1. Suppose we outlaw private schools and homeschooling. This is not a good approach. The people who are in power will either get waivers or the law will have sufficient loopholes. Additionally, such a law would have the effect of encouraging whites and the middle class to move to the suburbs.
    2. Suppose we improve our schools by spending a lot of money them. This would include such things as new schools, state-of-the-art technology and highly accomplished teachers. Would this increase public school enrollment? Probably not. There is the famous case of the public schools in Kansas City, Missouri. http://www.cato.org/pubs/pas/pa-298.html
    3. If changing the laws and spending large amounts of money will not increase public school enrollment, what will? The reason these two methods will not work is because they assume that this is “school” problem when, in reality, it is a social problem.
    4. O.K. – so what are the causes of our social problems?
    a. Our problems might be caused by others. Such issues as institutionalized racism would be a problem caused by others. Does institutionalized racism exist? Perhaps – but it may not always be what we think it is.
    b. Of course, some of our problems are caused by ourselves. For example, if I am a very violent person, I should not be surprised if I spent a lot of time in jail. And, as many readers must know, many of these social problems are due non-environmental causes. Thus, environmental efforts to fix our social problems are doomed to failure.

    Article” “There’s something inherently maddening about a privileged group of forward-thinkers removing their children from the social structures that have defined American childhood for more than a century under the presumption that they know better.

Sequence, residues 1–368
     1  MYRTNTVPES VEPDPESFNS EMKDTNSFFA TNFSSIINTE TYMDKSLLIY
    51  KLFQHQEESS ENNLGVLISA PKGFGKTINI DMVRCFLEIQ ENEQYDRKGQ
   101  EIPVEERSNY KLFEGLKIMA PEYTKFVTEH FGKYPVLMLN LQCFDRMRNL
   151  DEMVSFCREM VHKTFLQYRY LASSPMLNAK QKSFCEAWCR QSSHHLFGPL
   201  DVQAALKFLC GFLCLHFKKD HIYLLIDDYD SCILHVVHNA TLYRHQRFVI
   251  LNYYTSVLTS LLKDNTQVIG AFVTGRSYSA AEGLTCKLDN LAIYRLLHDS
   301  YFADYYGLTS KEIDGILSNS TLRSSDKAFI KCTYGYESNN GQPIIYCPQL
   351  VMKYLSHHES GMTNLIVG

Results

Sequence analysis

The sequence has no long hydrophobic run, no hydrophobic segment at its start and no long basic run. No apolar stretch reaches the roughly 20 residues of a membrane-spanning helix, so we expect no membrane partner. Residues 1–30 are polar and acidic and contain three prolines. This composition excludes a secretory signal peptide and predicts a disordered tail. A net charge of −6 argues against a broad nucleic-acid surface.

Comments:
    • This brings in the advantage of school choice. Let’s assume that these people want what is good for their children. When parents bypass a public school to home-school their children or to send them to a private school, there must be a good reason. My gut feeling is that most parents send their children to private schools for two primary reasons: (1) for a better education and (2) for the safety of their children.
    • Contrarily, let’s assume that homeschooling and private schools are poor choices. Thus, these children will suffer and others will see the advantages of public schools. Thus, in a free market, the public schools would prevail due to their inherent superiority.

    Final Comment: For many parents, homeschooling and private schools have become the only viable alternatives to what they see as the inadequacies of public education. The best way to get these children in public schools is to change the schools; that is, change the students who attend public schools. When we change the students, everything else will fall into place.

    • janevangalen May 12, 2015 / 5:26 am

      Thanks for the long comment here, Robert.

      I fear that I don’t always think that people’s motivations are free of bias — or at best, decisions are not always as informed as you seem to suggest. I worked for a time at with a great, innovative public school that was in a transitioning neighborhood. It was a “choice” school -parents could request sending kids there, even though it was out of their attendance boundary. The staff knew that any parent who actually came to the school would likely want their kids to go there. The challenge was getting parents to get past their perceptions (based on little but vague unease) of the neighborhood and kids who went to the school to actually visit.

      In my own neighborhood, parents all sent their kids to private school but not a single one had ever as much as visited local schools. They were all basing their decisions on gossip, rumors, or just as sense that was was “Best” for their kids was something “better” than what was available to other kids. I’d make friendly suggestions that they just spend an hour going to any area school, and they’d decline, always saying that they’d “heard” x or y about that school. But x and y were just not true.

      so the “good reasons” for choosing alternatives are not always neutral, especially among very privileged parents who, lots of research shows, are often very invested in positioning their children for a life of advantages.